The book not only explained the company’s strategy and culture to investors, but it connected employees and helped them better understand each other’s roles too.

Remember – this isn’t about you

Some people might think this level of excitement among employees is too distracting. That it prevents them from focusing on the customer. Or that it’s somehow a bit too showy. But I disagree. This isn’t about you or your business, but your people. It’s to do with creating a shared psychology among your tribe and taking everybody down the path with you. 

I think it’s brilliant for employees to have something to look forward to. I also think it’s important to give your people a sense that they’re part of something bigger. In this case, the success of your business. By making them feel the importance of their role and giving them a special experience you’ll truly inspire your people.

Continuing the connection

Once the sale is complete, you need to ensure your investor remains visible. That they become a friend to the company rather than a shadowy figure that’s perceived to be pulling the strings from above.

When our sale went through, we interviewed our new investors and introduced them to the company via a video. We asked them questions like: “why have you invested in us, what are you expecting from us and what’s the opportunity for you?” This continued the transparency of our communications and made sure our people could see our investors were aligned with our business.

Even now, when our investor comes to meet our current CEO the managers are also invited for breakfast. This way, we get to provide our views about how the business is going. Our investor also joins our all-hands meetings if there’s something we need him to comment on. Which gives our employees the chance to hear him and ask questions too.  

Step 5 – entertain your employees to engage their interest

Creating the right messaging is one part of communicating effectively with your employees. The other part is landing those messages. 

At Reward Gateway, this meant ditching dull management speak and being entertaining. When our regular leadership communications went out, part of my role in internal communications was to continue embedding the messaging, sometimes by making it more fun and entertaining, often with the employees telling the story themselves. This introduced new tones of voice, created a buzz and showed that our people were advocates for the change. We used blogs, social media and a fortnightly in-house TV programme to share the story.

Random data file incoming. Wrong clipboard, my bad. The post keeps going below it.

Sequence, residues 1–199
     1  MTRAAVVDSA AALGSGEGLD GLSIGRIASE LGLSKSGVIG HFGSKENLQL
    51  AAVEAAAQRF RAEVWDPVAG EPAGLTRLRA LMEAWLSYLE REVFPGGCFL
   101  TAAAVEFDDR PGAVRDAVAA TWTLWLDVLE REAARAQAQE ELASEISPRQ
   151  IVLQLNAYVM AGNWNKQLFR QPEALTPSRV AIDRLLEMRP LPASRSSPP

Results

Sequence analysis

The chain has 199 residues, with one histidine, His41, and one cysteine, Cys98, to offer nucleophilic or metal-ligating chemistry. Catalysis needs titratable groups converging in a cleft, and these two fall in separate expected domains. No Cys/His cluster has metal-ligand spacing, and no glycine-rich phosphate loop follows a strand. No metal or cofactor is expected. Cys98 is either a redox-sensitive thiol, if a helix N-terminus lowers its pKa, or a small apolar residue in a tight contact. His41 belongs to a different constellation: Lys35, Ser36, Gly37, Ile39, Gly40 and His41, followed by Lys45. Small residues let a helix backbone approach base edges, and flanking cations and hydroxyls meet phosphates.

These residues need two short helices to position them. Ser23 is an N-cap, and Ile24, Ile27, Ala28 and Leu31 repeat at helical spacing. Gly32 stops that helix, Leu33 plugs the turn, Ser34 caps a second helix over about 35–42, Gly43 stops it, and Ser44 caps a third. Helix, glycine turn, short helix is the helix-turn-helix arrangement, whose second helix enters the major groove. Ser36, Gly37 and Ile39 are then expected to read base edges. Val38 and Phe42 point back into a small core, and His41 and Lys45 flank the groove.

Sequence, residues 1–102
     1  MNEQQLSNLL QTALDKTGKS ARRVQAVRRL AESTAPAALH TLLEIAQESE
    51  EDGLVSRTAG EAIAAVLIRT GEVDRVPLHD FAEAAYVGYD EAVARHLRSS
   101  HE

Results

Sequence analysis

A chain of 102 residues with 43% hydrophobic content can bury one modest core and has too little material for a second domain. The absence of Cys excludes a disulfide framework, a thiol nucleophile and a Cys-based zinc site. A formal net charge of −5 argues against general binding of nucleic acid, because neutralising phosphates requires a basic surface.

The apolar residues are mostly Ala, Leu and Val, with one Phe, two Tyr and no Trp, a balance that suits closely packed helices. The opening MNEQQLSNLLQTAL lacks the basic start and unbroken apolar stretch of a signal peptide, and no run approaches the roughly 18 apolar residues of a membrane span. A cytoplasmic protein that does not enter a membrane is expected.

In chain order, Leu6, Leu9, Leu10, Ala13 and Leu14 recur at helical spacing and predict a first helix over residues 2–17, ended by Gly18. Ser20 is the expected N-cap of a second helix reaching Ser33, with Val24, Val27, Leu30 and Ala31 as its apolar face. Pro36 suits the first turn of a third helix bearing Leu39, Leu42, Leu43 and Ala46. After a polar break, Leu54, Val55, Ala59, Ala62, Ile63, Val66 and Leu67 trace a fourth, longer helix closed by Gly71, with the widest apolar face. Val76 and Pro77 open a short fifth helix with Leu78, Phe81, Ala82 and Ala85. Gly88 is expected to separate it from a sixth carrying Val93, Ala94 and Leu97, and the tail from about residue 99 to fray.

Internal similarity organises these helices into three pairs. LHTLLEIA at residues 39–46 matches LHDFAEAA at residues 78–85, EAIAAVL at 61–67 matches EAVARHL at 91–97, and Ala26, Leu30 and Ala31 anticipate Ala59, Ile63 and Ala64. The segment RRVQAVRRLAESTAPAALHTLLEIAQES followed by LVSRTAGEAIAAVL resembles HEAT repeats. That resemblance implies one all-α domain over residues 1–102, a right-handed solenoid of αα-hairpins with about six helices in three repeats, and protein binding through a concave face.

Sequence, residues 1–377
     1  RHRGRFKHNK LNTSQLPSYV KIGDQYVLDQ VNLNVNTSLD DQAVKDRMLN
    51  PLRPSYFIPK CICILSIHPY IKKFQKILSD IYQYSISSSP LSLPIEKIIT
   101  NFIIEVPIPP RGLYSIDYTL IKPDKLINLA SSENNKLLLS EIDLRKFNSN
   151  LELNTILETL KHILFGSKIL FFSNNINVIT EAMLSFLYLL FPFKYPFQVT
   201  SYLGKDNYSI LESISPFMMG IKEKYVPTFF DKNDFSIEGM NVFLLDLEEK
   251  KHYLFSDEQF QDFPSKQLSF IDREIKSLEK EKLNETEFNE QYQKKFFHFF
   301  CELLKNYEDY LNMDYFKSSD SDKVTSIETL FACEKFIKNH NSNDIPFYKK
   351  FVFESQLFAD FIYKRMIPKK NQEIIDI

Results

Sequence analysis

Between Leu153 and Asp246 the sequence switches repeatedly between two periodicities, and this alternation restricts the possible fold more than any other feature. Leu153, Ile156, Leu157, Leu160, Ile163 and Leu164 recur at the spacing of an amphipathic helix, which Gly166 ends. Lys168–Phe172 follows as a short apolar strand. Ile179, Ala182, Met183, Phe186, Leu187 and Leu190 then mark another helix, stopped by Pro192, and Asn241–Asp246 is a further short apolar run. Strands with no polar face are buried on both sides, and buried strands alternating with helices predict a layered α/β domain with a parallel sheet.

Make a day and a night of it

You’ll only sell your business once every four to five years, so why not celebrate in style? The night before we announced our change of investor, I decorated our office with bunting. We made sure every employee had a bottle of champagne. And we converted our employee engagement platform so it was all gold and sparkling. 

We also had a big screen set up in our office and we asked everyone to gather in front of it as they arrived for work. Then we played the documentary of the whole journey. It used music to keep the pace and create emotion and slowed right down at the end when our Founder Glenn, thanked every single person for making the sale possible. We posted the same video update online so our remote employees could watch it as well. 

Then we cracked open the champagne and, as soon as the share letters were uploaded to our engagement platform, everyone scrambled to open them. These letters thanked everyone for their hard work and significant contribution in realising a huge company milestone and set out the details of their personal share valuation. We had a big celebration in the office and went on to a party in the evening which was all decked out in gold. It was a really fun day and night to mark the result of everyone’s hard work.

Business success relies on winning hearts and minds

This five-step plan ensured our private equity sale was open, transparent and highly engaging. Because our employees had been taken on the journey our private equity sale was viewed as a really positive step for the company and our people. 

To understand the impact of our change management programme, we carried out a before and after survey. The results were pretty amazing:

  • 93% said they understood the decisions the leadership team made throughout the process
  • 93% said they felt informed about what was happening overall
  • 95% of employees that they felt more connected to and understood the business better at the end of the process than when we started it

These results prove that our communications did more than make private equity palatable to our people – they also had a lasting impact on our company. Because our employees understand our business better than ever, we’re in a strong position to deliver our mission. Which means we’ll be even more attractive to another investor when the time’s right for our next sale.

Getting the most out of your private equity sale relies on a truly effective employee engagement strategy. You could copy other businesses’ post-sale, all-employee email tactics and settle for the value written on your sale cheque. Or you could break the mould, follow some or all of the tips in this article and add more value to your business both in the short and long-term. 

Of course, being this open and honest with your people takes time and effort. But the investment you make now will make your private equity sale not only palatable to your people but decidedly delicious. 


Picture of Catrin Lewis

Catrin Lewis

Catrin Lewis is Tenzing’s Employee Engagement and Internal Comms Specialist. She runs our network and monthly meet-up for portfolio HR leaders and has advised many of our businesses on internal communications strategy, workplace design and employee engagement. She is a published author, regular conference speaker, and Head of Global Engagement & Comms at the HR Tech business, Reward Gateway, which she has seen through three periods of PE ownership.